The Re-entry Chronicles, Part 6: Beyond Your Office Walls

health and safety beyond your office walls

“Focus on the door-to-door health and safety of employees.” According to a Gartner report, this is was the #1 lesson learned in Asia’s re-entry.

Having spoken with many corporate real estate managers, we know that employers are working furiously to make their offices as safe as possible for when employees return. But employees will encounter many more risks before they arrive and after they leave the office. Enumerating and tracking these risks will help you gain greater situational awareness. You may find that some of these external factors can also be managed, with the goal of ensuring greater employee safety and productivity. 

Factor Risks Mitigation approaches
Public transportation Public transportation can be a hot-spot for spreading disease. Consider encouraging employee car pools or, if geography permits, a bus service for employees. Or, provide near-home office solutions for individuals and teams.
Elevator usage Elevators are inherently risky due to their small size and poor air circulation. In third-party-controlled buildings, work with building management to ensure that proper distancing and capacity measures are put in place. This includes the elevator lobby areas, where employees might gather due to lower elevator capacity.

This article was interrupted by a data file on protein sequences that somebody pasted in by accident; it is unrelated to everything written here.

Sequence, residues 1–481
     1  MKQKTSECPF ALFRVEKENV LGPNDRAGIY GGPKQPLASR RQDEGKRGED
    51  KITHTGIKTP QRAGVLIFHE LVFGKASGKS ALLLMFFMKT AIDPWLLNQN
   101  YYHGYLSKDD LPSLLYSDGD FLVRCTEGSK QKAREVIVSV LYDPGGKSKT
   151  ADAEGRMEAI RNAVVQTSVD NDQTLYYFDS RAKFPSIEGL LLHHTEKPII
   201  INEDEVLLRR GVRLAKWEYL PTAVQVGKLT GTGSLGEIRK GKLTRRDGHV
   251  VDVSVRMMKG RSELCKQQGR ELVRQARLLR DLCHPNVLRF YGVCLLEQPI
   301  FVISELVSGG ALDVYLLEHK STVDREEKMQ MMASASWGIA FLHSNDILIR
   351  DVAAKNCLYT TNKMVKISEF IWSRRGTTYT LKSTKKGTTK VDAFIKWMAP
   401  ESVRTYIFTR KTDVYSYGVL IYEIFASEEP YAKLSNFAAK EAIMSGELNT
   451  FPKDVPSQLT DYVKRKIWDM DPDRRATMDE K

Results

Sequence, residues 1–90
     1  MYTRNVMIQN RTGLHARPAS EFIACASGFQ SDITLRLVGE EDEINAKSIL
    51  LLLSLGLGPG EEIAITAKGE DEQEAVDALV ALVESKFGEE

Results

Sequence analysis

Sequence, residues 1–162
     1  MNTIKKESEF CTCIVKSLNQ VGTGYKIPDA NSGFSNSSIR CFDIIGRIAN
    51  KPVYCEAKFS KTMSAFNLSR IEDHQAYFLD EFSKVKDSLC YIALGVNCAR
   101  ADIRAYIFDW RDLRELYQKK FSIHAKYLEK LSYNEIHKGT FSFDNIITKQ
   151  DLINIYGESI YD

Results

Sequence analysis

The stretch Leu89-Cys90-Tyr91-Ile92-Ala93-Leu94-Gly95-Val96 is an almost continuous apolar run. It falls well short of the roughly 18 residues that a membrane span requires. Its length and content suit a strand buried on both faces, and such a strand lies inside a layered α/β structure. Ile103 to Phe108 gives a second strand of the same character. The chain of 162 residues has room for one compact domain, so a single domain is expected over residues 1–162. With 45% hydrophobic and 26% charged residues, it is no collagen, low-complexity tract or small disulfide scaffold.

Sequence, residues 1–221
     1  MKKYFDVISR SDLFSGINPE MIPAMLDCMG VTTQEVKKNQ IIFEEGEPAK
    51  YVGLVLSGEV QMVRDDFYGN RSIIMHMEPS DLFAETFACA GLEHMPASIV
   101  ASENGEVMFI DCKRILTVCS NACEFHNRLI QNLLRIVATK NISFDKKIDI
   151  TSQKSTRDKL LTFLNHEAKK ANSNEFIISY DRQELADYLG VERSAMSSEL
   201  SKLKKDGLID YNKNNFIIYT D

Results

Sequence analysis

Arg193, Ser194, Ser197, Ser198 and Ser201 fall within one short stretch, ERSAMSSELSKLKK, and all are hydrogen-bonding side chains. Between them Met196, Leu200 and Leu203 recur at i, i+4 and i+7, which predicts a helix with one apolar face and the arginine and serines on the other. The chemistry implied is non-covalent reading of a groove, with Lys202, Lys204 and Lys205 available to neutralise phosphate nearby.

Common area usage By default, building common areas are not designed to encourage distancing or discourage congregating. In some buildings things like restrooms, kitchens and reception areas may be shared. Clear guidelines and communication around how employees use these areas should be considered to reduce exposure from those areas you don’t control. 
Restaurants Employee lunchtime destinations might not all adopt satisfactory health and safety standards. Physically survey popular employee destinations and ask for documentation of their policies and standards. Communicate with employees which venues appear to be the safest and which ones should be avoided. Provide lunch delivery into the office to reduce the flow of employees leaving the office through-out the day.
Gyms While company health facilities may be closed, nearby health clubs and gyms may be open to employee visits. Consider offering your employees access virtual fitness subscriptions or offer a budget toward in-home fitness equipment. 
On-demand offices Many employees, particularly WFH employees, will periodically use on-demand offices to conduct work, meetings or collaborate with teams, customers and partners. Most on-demand office providers have already implemented distancing and cleaning protocols. You can determine which spaces are proactively managing health and safety by searching on and looking for the green Health & Safety badge.
Consider contracting with spaces on behalf of employees or encouraging employees to use LiquidSpace, to provide alternative workspaces that are closer to home reducing the people using the public spaces at your HQ and limiting public transit usage.

Topics: on-demand workspace, COVID, flexible office, Remote Work, Coronavirus, WFA Management

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